This item is currently out of stock.
Please contact us if you wish to place an order for this item.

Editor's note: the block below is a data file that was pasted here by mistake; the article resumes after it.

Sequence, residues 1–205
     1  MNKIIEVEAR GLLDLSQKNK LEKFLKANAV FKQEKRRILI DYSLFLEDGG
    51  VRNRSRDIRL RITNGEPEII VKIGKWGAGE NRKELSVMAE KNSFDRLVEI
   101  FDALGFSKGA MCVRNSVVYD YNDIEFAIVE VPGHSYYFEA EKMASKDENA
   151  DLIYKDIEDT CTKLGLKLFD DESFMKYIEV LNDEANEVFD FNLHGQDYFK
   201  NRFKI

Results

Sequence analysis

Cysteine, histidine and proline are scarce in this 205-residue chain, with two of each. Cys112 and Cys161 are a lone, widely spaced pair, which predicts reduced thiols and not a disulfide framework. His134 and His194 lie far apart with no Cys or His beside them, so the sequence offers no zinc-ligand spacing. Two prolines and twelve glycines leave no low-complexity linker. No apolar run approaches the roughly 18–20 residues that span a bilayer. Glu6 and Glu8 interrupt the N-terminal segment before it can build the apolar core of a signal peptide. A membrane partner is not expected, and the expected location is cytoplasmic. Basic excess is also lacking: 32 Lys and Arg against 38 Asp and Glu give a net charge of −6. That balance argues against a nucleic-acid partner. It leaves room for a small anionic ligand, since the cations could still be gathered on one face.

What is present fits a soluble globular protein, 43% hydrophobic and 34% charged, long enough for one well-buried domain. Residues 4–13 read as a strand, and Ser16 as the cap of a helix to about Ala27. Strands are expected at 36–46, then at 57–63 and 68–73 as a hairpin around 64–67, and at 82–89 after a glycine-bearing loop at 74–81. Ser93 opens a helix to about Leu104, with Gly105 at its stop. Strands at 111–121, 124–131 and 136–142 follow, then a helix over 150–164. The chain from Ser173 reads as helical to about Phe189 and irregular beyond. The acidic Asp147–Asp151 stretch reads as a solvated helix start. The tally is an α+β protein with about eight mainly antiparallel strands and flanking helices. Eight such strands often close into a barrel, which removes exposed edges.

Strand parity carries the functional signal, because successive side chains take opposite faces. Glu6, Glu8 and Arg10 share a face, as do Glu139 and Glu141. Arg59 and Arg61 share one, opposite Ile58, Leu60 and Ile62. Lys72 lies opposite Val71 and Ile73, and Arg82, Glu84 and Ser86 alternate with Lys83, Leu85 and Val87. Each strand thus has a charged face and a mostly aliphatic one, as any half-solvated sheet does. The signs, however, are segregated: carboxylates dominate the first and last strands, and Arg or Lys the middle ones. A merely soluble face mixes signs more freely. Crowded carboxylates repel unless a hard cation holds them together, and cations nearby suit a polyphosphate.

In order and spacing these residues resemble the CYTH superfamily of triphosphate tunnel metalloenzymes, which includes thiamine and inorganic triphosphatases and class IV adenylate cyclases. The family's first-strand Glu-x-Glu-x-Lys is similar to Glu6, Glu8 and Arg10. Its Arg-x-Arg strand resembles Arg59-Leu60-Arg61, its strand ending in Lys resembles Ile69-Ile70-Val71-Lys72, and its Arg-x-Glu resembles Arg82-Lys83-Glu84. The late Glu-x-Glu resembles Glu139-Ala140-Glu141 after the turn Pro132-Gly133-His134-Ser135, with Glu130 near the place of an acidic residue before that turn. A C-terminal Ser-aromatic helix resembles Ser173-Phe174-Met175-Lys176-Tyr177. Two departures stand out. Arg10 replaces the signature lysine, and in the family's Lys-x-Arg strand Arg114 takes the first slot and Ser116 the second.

Boston Symphony Orchestra, William Steinberg If you've followed the fortunes of the Boston Symphony Orchestra only casually, then you'll probably be thinking that, over the last half-century, this orchestra has had only two music directors: Charles Munch, followed by Seiji Ozawa. (If you were to go back yet another quarter-century, you'd throw in the name of Serge Koussevitsky.) But there was a decade, from the early 60's to the early 70's, when the BSO was led first by Erich Leinsdorf, a fine opera conductor whose strengths did not translate particularly well to the concert stage, and then by William Steinberg, who led it all too briefly for a few years (1969 - 1972). Regrettably, Steinberg made only a handful of recordings with the BSO, and this was probably his finest. For me, Steinberg will best be remembered for his traversal of the Brahms symphonies on Enoch Light's Command Classics label, and for this Boston recording of Gustav Holst's "The Planets." Long a favorite piece of British music for me, I believe I've owned (or at least heard) all of the recorded performances by Sir Adrian Boult (long considered the "owner" of this work), as well as critically-acclaimed recordings by Bernard Hermann, Andre Previn, Sir Malcom Sargent and Leopold Stokowski. But this Steinberg performance immediately went to the top of my list when it first came out on LP thirty years ago. It has also been critically acclaimed by that all-too-British publication, the Penguin Guide, which seldom holds American recordings of British music in such high esteem, particularly when every British conductor of any merit whatsoever has recorded this work. Now, with its reissuance as part of DGG's "The Originals" series, Steinberg's performance is back up there, on the top of my list, getting its fair amount of playing time. I don't believe that any other conductor has provided a "Mars" with anywhere near the visceral excitement that Steinberg supplies here, or the heroic "swagger" of the Elgarian "nobilmente" theme in "Jupiter." In "Saturn" one can feel - if not hear - the organ underpinnings at the close of the movement, and again in the allegro section of "Uranus." The ethereal mysticism of "Neptune," with its wordless chorus, is gauged very well, with a satisfyinlgy realistic fadeout at the end. All-in-all, a true showpiece for the virtuosic work of the BSO soloists, sections and full ensemble, captured in vivid sound. The Strauss companion piece, at first glance an odd partner for the Holst work, is not really a strange discmate at all. "Also Sprach Zarathustra" - like "The Planets" - requires virtuosic solo, section and ensemble work. Joseph Silverstein, long the BSO concertmaster, is about as fine a violin soloist in this work as you're bound to hear. And, lest one forget (and how can one?), the Strauss work begins with the famous Introduction for brass, organ and timpani, so that in a sense it is the use of the organ that provides a point of continuity, so to speak. Unlike far too many recordings of "Also Sprach Zarathustra," in which the organ is either "overplayed" for dramatic effect or is not appropriately in tune with the orchestra, the balance and intonation here are nigh-perfect. Probably - no, make that definitely - the best archival record we'll have of the brief association of Steinberg and the Boston Symphony. At a time in the relatively recent past when it could easily be said that the BSO was one of "the big five."